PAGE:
Joan Brown Seated in Studio 13 1958
Neri met the painter Joan Brown at the California School of Fine Arts (now the San Francisco Art Institute) in 1957, when both were taking a painting class with Elmer Bischoff, a central figure of the Bay Area Figurative movement. A romantic and artistic partnership ensued, and Brown became a frequent subject of Neri’s figure studies. His drawings and sculptures of Brown reveal an extraordinary sensitivity to the interconnected volumes of the body, and his intimacy with his model. We see this in the earliest drawing shown here: Brown is pictured sitting casually in a classroom, her right arm stretched fluidly across her body, her shoulders gently curved as she slumps forward.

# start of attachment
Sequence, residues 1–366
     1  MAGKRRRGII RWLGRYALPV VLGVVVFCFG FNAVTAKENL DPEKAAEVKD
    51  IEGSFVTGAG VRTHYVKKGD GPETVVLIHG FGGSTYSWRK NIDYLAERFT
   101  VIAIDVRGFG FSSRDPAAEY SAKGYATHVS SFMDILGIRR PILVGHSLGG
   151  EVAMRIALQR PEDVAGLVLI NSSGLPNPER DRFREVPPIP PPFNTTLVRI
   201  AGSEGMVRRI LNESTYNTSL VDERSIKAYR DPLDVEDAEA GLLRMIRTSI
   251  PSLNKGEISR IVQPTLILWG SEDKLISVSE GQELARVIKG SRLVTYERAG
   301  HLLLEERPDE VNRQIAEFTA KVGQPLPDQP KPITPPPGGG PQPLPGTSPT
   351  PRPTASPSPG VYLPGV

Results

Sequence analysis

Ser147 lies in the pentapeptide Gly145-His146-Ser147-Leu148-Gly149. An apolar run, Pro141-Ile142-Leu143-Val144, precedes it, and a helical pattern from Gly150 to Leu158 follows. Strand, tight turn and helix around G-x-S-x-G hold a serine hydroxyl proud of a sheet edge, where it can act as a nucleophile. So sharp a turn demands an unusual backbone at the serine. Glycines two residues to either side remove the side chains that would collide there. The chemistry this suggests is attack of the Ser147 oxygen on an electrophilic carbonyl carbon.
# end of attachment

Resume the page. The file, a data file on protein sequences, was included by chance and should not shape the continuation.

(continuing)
By 1959 Neri and Brown were sharing a large studio on Mission Street near the Embarcadero in San Francisco, where Neri began making life-size sculptures like Joan Brown Seated. Neri shaped the original sculpture in plaster, an inexpensive material he liked for the speed and ease with which it could be worked and reworked. The surface of the figure is rich with the marks of the artist’s hand and tools. Here, coated in Neri’s signature white patina, this unique aluminum cast—Neri’s first metal casting—preserves the look and tactility of the plaster original in a medium meant to last.